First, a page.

In Alberta, a pack of 25 cigarettes costs $11.32, thanks, in part, to the hefty provincial sales tax imposed on tobacco products. This may give the impression that Alberta is an expensive place to smoke, but that would be false, according to Les Hagen of the Edmonton-based Action on Smoking & Health. Hagen expressed his views at the 7th National Conference on Tobacco or Health held in Toronto last November.


Comparing New Brunswick with Alberta, the average price for a pack of cigarettes is practically the same in both provinces, but the average salary is higher in Alberta, meaning that the average worker would only have to work 27 minutes to be able to afford 25 cigarettes, whereas a worker in New Brunswick would have to work 8.4 minutes longer to afford the same.


Les Hagen and Susan Canning of Alberta Health Services have even calculated the number of hours it takes to buy a pack of 25 cigarettes for workers aged 15 to 24, for whom the average wage is generally lower than that of the overall workforce. The time it takes for a young worker to earn a pack of 25 cigarettes is 43.5 minutes in Alberta, 56.7 minutes in New Brunswick and 70.7 minutes in Prince Edward Island.


In the end, there is only one Canadian province where cigarettes are more affordable for workers aged 15 to 24, and that is Quebec. Whereas a young Albertan must work 43.5 minutes to earn enough to buy 25 cigarettes, a young Quebecer, in spite of being paid on average a much lower wage, only needs to work 42.1 minutes.


Les Hagen reminds us that the World Bank considers raising tobacco taxes as the single most effective measure for reducing tobacco use, in adults as well as teens.



World No Tobacco Day


The theme for 2012’s World No Tobacco Day will be “tobacco industry interference.” The campaign, led by the World Health Organization’s (WHO) Tobacco Free Initiative, is held annually on May 31. The goal of this year’s anti-tobacco movement is to educate policy-makers and the public at-large about the tobacco industry’s reprehensible tactics in promoting the use of tobacco, and their increasingly aggressive attempts to undermine the WHO Framework Convention on Tobacco Control (FCTC) with opposition to smoke-free outdoor spaces and advertising bans.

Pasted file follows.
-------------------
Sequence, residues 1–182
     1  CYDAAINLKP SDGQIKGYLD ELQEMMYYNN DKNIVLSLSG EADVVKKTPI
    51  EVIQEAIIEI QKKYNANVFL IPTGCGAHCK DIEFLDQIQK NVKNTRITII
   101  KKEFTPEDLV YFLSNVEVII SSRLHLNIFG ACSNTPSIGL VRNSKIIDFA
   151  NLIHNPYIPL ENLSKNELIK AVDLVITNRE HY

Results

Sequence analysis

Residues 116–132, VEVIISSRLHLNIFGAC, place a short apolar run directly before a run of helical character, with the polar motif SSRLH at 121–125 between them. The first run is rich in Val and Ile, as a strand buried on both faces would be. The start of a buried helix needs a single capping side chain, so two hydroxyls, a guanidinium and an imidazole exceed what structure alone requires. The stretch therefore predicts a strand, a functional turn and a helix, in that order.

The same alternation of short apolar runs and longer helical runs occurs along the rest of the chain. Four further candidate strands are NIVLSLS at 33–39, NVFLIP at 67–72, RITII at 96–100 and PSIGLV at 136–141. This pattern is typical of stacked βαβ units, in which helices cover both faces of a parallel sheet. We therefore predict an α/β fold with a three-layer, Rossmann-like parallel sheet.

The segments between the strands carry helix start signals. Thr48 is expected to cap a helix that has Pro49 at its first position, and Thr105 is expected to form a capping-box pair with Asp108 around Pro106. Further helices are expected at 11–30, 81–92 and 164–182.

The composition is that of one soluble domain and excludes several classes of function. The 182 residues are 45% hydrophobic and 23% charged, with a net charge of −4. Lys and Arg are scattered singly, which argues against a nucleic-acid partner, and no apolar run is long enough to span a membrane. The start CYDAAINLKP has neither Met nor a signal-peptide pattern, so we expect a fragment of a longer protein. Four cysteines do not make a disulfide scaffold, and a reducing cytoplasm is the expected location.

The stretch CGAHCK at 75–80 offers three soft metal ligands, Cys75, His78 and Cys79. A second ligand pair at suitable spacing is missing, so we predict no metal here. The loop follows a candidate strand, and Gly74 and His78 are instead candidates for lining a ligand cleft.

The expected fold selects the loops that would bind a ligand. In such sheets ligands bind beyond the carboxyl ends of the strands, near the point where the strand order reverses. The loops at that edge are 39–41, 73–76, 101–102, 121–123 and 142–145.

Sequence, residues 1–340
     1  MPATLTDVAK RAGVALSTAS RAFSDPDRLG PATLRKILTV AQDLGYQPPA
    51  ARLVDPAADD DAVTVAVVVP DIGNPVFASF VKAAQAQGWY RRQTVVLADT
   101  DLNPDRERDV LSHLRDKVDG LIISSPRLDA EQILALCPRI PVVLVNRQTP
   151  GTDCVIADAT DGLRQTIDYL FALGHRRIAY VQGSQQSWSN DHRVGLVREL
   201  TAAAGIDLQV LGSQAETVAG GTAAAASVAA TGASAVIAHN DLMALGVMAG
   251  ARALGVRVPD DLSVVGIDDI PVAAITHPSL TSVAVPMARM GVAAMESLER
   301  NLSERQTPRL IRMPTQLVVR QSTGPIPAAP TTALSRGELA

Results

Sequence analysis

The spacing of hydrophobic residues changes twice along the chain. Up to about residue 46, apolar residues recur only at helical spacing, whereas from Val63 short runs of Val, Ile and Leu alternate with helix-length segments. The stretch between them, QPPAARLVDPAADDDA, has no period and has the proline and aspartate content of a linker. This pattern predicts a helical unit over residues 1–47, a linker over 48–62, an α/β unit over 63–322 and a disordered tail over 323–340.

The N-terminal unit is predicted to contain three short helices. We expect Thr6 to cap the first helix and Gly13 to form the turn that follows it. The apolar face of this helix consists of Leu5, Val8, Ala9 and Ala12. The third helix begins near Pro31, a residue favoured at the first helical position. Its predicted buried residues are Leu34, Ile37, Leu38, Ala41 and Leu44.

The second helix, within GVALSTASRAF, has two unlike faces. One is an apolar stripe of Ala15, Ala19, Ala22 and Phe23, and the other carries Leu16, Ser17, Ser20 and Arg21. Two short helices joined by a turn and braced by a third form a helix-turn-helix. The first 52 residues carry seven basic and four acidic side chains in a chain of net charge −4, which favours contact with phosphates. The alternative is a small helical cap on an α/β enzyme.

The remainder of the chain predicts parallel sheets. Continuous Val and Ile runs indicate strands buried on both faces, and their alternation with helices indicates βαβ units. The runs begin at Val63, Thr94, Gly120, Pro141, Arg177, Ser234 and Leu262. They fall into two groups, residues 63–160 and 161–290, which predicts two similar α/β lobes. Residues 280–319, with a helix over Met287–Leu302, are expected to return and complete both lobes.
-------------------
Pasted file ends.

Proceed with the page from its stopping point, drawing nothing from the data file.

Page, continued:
Throughout the year, the WHO will be urging countries to meet their FCTC obligations, stand firm against industry interference, and expose it at every opportunity. Health organizations and tobacco control groups will organize marches, advertising and educational campaigns, and other activities to highlight the day.



Nunavut anti-tobacco campaign


Tobacco Has No Place Here is a public awareness campaign Nunavut launched in January during the 2012 National Non-Smoking Week. Larissa Coser, coordinator of the campaign, says “The goal is to de-normalize tobacco use and it’s really changing the way people are thinking.”


Nunavut has a smoking rate of 54 per cent, which means that smoking is widely viewed as normal. The campaign has built a website with real-life testimonials, YouTube videos, and a Facebook fan page. The aim, according to Coser, is to “Promote discussion about the social, cultural, and health consequences of tobacco use in the territory.”


The campaign is one of the first steps in Nunavut’s five-year tobacco action plan announced in October 2011. The next step came in Nunavut’s 2012 budget, when Minister of Health and Social Services Keith Peterson announced a $1 tax increase on the price of a pack of 25 cigarettes. Peterson also announced that the government will earmark some of the $3 million in expected revenue from this tax increase to fund anti-smoking programs.